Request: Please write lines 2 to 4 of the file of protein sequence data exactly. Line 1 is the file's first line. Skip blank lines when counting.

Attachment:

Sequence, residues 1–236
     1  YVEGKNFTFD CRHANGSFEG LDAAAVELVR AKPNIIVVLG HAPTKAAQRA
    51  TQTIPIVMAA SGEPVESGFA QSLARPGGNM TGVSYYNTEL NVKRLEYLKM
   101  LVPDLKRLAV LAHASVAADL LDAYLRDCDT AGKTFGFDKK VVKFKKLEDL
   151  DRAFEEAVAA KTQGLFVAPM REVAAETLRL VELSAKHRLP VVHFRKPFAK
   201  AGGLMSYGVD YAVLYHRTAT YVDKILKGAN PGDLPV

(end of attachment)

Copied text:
     1  YVEGKNFTFD CRHANGSFEG LDAAAVELVR AKPNIIVVLG HAPTKAAQRA
    51  TQTIPIVMAA SGEPVESGFA QSLARPGGNM TGVSYYNTEL NVKRLEYLKM
   101  LVPDLKRLAV LAHASVAADL LDAYLRDCDT AGKTFGFDKK VVKFKKLEDL